OPINION—After God delivered the Israelites from Egyptian slavery, and they spent 40 years in the Sinai Wilderness (because Moses refused to stop and ask for directions), they finally crossed the Jordan River and entered Canaan, the Promised Land. And God told them to kill or drive out every person in there, or else there would be problems, because those people were all immigrants from California. The Israelites didn’t do what God said, and they had issues with the Canaanites from then on.
Californians are still causing problems here in the U.S., too. It’s kind of a tossup between the Floridians and the Californians as to which bunch is the wackiest. I think proximity to so much salt water is bad for the brain.
But even California is not crazy enough for some people. Take, for example, Claudia Ackley, who sued the state in San Bernardino Superior Court in January. Now, suing the state of California, in itself, is not strange. The reason Claudia sued is the strange part.
Above: Claudia Ackley, who sued the state in San Bernardino Superior Court in January. (Kendal Hemphill)
In March of 2017 Claudia and her two young daughters were walking down a hiking trail by Lake Arrowhead, in the Big Bear area, when they saw a sasquatch. Seriously. Claudia’s daughters were ahead of her on the trail, and they stopped and started at something, and when Claudia caught up with them she saw it, too. She said, “I ran into a sasquatch – a bigfoot. We were face to face. He was 30 feet up in the tree.”
OK, right away we have a problem. The story I read in the San Bernardino Sun did not mention that Claudia is 30 feet tall, and Claudia’s account does not mention her climbing the tree. So it’s difficult to picture how she could have come ‘face to face’ with the creature she saw. Or maybe ‘face to face’ means something different in California. Most terms do.
Claudia claims the animal was ‘barrel-chested, with a head three times the size of a human’s, and appeared to weigh about 800 pounds.’ Claudia seems impressively good at estimating size and weight. She also said, “He looked like a Neanderthal man with hair all over him. He had solid black eyes. He had no expression on his face at all. He did not show his teeth. He just started at the three of us.”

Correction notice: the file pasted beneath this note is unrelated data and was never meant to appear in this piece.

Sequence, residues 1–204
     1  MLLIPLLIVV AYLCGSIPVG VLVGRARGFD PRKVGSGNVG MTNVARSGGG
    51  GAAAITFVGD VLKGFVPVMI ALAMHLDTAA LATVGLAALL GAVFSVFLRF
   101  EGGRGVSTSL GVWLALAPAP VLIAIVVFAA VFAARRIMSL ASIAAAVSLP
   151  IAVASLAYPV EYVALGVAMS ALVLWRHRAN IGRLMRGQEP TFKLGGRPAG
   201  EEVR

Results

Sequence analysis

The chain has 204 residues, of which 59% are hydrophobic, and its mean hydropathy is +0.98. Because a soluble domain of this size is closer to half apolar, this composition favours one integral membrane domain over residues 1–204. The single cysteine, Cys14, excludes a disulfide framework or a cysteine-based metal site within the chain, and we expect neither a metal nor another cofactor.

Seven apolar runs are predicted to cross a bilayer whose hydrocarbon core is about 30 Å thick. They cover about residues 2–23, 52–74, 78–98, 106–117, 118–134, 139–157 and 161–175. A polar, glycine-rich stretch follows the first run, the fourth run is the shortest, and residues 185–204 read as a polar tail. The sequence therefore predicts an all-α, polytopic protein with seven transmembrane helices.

Above: This is a bear. The picture is here for your reference, in case you didn't know what a plain 'ol bear looked like. (Kendal Hemphill)
When Claudia recounted her story to forest rangers they told her she had seen a big bear in Big Bear. There are lots of bears there and, being bears, they basically don’t exhibit facial expressions. They also have black eyes. So, a bear. Unless you’re an excited, impressionable person, and have been a bigfoot enthusiast for two decades, and you really really really want the bear to be a bigfoot. Then it’s a bigfoot. So, a bigfoot.
When Claudia saw this bigfoot, she followed the normal protocol for a typical sasquatch encounter. She said she made a howling ‘whoop’ sound. And the bigfoot reacted in textbook fashion, for a sasquatch being whooped at, and rocked back and forth in the tree. Maybe that’s how she knew, for sure, what it was.
But the forest rangers refused to budge, being intelligent human beings who are able to dress themselves, and Claudia got mad. She teamed up with Todd Standing, who happens to be a documentary filmmaker. One of Todd’s documentaries is ‘Discovering Bigfoot,’ which is on Netflix. Together, Claudia and Todd have sued California, claiming the state is derelict in its duty by not acknowledging the existence of the sasquatch species, despite a ‘mountain of documented and scientific evidence.’ They claim this has had a ‘chilling effect on the study of the sasquatch,’ and caused it to be considered illegitimate and relegated to the category of paranormal research. Bummer.
Now, I’m a little confused about this ‘mountain of documented and scientific evidence.’ I’ve seen some blurry photographs of something purported to be a sasquatch, impressively backed up by some blurry video footage of something purported to be a sasquatch. There have also been numerous sightings attested to by people who are probably held in high esteem in their respective trailer parks. But that’s about it. Maybe sasquatch really does exist, but if so I guess he’s just a naturally blurry critter.
Claudia also claims, in the lawsuit, that California’s refusal to acknowledge sasquatch has damaged her ‘livelihood, public image, and credibility.’ Personally, I doubt that. I’m thinking everyone who knows Claudia has already formed an opinion of her public image and credibility, and I’m thinking those opinions are such that nothing she does can make those folks think any less of her. But that’s me.
Although she revisits the location of the sighting periodically, and leaves gifts for bigfoot on a nearby discarded tire, such as apples, Fritos, and Coke, she hasn’t seen it again. Still, she’s insistent the state of California should pass legislation protecting sasquatches, because so many of them have been killed recently by hunters. Or something.
Personally, I hope Claudia runs into bigfoot again. And next time, I hope she manages to take a blurry photo of it. Because those are always convincing . . .